By Roberto Bolaño
Translated by Natasha Wimmer
Farrar, Straus & Giroux, 898 pages, $30 (hardcover)
…there was something revelatory about the taste of this bookish young pharmacist, who in another life might have been Takl or who in this life might still be writing poems as desperate as those of his distant Austrian counterpart, and who clearly and inarguably preferred minor works to major ones. He chose The Metamorphosis over The Trial, he chose Bartleby over Moby-Dick, he chose A Simple Heart over Bouvard and Péuchet, and A Christmas Carol over A Tale of Two Cities or The Pickwick Papers. What a sad paradox, thought Amalfitano. Now even bookish pharmacists are afraid to take on the great, imperfect, torrential works, books that blaze paths into the unknown. They choose the perfect exercises of the great masters. Or what amounts to the same thing: they want to watch the great masters spar, but they have no interest in real combat, when the great masters struggle against that something, that something that terrifies us all, that something that cows us and spurs us on, amid blood and mortal wounds and stench.
(2666, hardcover page 227)
More detail on Roberto Bolaño and his final novel, or five separate novels if he had had his wish, can be found on Wikipedia's biography page and at the book’s summary page.
I’ll include a summary of the book from the review in The Washington Post since it is more concise than I could be:
While the murders of Santa Teresa occupy the center of the novel, the perimeters make for the most satisfying reading. In the first of the novel's five semi-independent parts, we're told how three European literary critics became obsessed with the work of a mysterious writer named Benno von Archimboldi -- think B. Traven or Thomas Pynchon. They travel to Santa Teresa after hearing the elusive writer may be there researching his next novel. Part 2 concerns an Archimboldi expert currently living in Santa Teresa and watching over his daughter, who seems destined to be another victim in the femicide epidemic. In part 3, a black American reporter travels to Santa Teresa to cover a prizefight and becomes embroiled in the ongoing murders. Part 4, the longest of the novel's five parts, is a numbing chronological account of individual murders from 1993 to 1997, narrated in police-report fashion, along with digressions on various officials, policemen, lawyers and reporters involved in the cases. And finally, part 5 is a mesmerizing account of how a strange Prussian boy became the enigmatic Archimboldi, an author neglected at first but considered Nobel-worthy after he's rediscovered by the scholar-detectives of part 1. We also learn his real reason for going to Santa Teresa.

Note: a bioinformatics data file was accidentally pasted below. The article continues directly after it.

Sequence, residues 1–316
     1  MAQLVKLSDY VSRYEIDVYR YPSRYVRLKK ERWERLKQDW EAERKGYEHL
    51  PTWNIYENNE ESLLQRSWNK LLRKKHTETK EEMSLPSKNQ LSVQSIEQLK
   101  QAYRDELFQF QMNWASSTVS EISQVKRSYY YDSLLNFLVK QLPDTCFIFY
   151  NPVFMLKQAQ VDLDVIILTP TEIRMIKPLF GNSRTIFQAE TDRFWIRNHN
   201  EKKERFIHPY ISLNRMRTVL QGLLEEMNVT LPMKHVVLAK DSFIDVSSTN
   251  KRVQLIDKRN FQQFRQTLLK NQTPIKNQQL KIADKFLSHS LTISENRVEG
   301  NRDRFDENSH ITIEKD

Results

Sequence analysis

So what to make of the book and does it live up to the hype? After finishing the book I envision Bolaño smiling from beyond at everyone reading his book, laughing with the reader at any puzzlement and confusion rather than laughing at them. But I may be wrong…he may be laughing his a** off at me.
One probable clue when reading the novel lies with the artist Giuseppe Arcimboldo, the artist chosen for a character's nom de plume:
Giuseppe Arcimboldo (also spelled Arcimboldi; 1527 - July 11, 1593) was an Italian painter best known for creating imaginative portrait heads made entirely of such objects as fruits, vegetables, flowers, fish, and books — that is, he painted representations of these objects on the canvas arranged in such a way that the whole collection of objects formed a recognizable likeness of the portrait subject.
All of which should lead the reader to believe that Bolaño intends to build a “recognizable likeness” of something using the disparate parts of his novel. This is the first book by Bolaño that I’ve read and I certainly enjoyed it but probably not to the same level as the praise heaped on it.
I loved Bolaño’s natural, graceful style. The imagery he invokes, such as “orifices of mud” (noted by Patti Smith) can be haunting, the image often lingering in the mind for many pages. The parallel stories, not just between sections but also within them, provide histories that have been hidden from view or understanding from the reader and the characters. Bolaño’s non sequiturs often hint at something deeper, causing the reader to constantly look for meaning where there may or may not be any. What initially looks like an aside may be the closest thing to a resolution the reader will receive. The power of the fourth book, “The Part About the Crimes”, floored me. The clinical precision in describing the murders numbs the reader to the violence behind the crimes, which I think is precisely Bolaño’s point.